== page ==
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July 26, 2022

NYDFS Issues Guidance on Avoiding Improper Practices Related to Overdraft and Non-Sufficient Fund Fees

Advisory

On July 12, 2022, the New York State Department of Financial Services (NYDFS) issued new guidance alerting New York State-regulated depository institutions (Institutions) that they will be evaluated on whether they engage in deceptive or unfair practices with respect to overdraft and non-sufficient fund (NSF) fees in future Consumer Compliance and Fair Lending examinations. The guidance was welcomed by state lawmakers and nonprofit organizations who expressed concern that such fees disproportionately impact the most vulnerable consumers, such as those who are living paycheck to paycheck and struggling to make ends meet, as well as communities of color.

The guidance informs Institutions of the need to avoid the following practices:

  • Charging consumers an overdraft fee in “Authorize Positive, Settle Negative” transactions where the consumer had a positive account balance sufficient to cover the transaction when it was authorized, but a subsequent, unrelated transaction lowers the consumer’s available balance to below the amount of the original transaction when presented for settlement.
  • Charging consumers a fee for an “overdraft protection” transfer from another account, held by the consumer at the same depository institution, that is of an insufficient amount to avoid an overdraft. The result could be the consumer also being charged an overdraft fee regardless.
  • Charging consumers more than one NSF fee for the same declined transaction, without adequate disclosures, where a merchant re-presents the same transaction to the Institution in a second or third attempt to collect funds. Recognizing that the elimination of such fees may be impracticable in the short term—because, for example, Institutions may need to first update their internal systems and software or work with third-party service providers—NYDFS expects Institutions to make clear, conspicuous, and regular disclosures to consumers if they are currently charging multiple NSF fees. However, as NYDFS also expects Institutions to ultimately eliminate multiple NSF fees entirely, Consumer Compliance and Fair Lending examinations will closely review what steps an Institution has taken to address the risk of such fees.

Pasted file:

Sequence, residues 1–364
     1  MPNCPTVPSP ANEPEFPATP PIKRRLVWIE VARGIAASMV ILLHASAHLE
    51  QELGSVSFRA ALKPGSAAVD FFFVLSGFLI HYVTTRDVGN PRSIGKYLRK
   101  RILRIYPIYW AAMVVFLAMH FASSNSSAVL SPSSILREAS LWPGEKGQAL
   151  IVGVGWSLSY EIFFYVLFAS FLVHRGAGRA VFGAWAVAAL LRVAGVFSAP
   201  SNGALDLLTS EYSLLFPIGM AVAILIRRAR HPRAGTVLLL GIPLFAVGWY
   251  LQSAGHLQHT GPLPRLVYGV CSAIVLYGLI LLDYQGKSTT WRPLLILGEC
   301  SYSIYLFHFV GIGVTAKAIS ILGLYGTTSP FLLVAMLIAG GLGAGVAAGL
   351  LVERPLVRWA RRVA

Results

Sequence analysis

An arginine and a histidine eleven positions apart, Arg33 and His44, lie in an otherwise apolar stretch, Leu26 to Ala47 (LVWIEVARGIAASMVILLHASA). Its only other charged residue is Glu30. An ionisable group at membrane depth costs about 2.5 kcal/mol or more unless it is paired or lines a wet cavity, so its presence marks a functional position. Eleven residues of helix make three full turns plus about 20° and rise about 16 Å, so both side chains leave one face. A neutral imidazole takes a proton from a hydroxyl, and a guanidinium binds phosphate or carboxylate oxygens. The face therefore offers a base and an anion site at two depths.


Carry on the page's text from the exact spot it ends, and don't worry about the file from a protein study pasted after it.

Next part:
This latest guidance is part of New York’s broader financial inclusion agenda. As discussed in a prior Advisory, New York enacted legislation requiring banks to adopt check processing practices intended to minimize NSF fees, which became effective on January 1, 2022. Since then, NYDFS has also issued guidance which expands access to low-cost bank accounts and promulgated a proposed regulation—currently open for public comment—which sets forth a new methodology for calculating check cashing fees and establishes the maximum fee that a check casher can charge.

Furthermore, on July 15, 2022, Governor Kathy Hochul signed legislation directing NYDFS to conduct a study on overdraft fees, which will “inform the State’s ongoing efforts to address excessive finance fees and help low-income New Yorkers access affordable banking options that protect and grow hard-earned savings.” As NYDFS continues to review practices related to the imposition of overdraft and NSF fees, it may issue additional guidance in the future.

Institutions interested in the new NYDFS guidance’s impact on their businesses may contact any of the authors of this Advisory or their usual Arnold & Porter contact. The firm’s Financial Services team would be pleased to assist with any questions about NYDFS supervision or consumer finance more broadly.

*Ja Hyeon Park contributed to this Advisory. Ms. Park is a graduate of The George Washington University School of Law and is employed at Arnold & Porter's Washington, DC office. She is admitted only in New York. She is not admitted to the practice of law in Washington, DC.

© Arnold & Porter Kaye Scholer LLP 2022 All Rights Reserved. This Advisory is intended to be a general summary of the law and does not constitute legal advice. You should consult with counsel to determine applicable legal requirements in a specific fact situation.

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